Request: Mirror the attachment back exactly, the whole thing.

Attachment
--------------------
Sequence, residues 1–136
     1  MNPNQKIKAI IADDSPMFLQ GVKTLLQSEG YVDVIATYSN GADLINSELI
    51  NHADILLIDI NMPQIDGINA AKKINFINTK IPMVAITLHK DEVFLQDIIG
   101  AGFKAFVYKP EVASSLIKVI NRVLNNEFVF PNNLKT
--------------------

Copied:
Sequence, residues 1–136
     1  MNPNQKIKAI IADDSPMFLQ GVKTLLQSEG YVDVIATYSN GADLINSELI
    51  NHADILLIDI NMPQIDGINA AKKINFINTK IPMVAITLHK DEVFLQDIIG
   101  AGFKAFVYKP EVASSLIKVI NRVLNNEFVF PNNLKT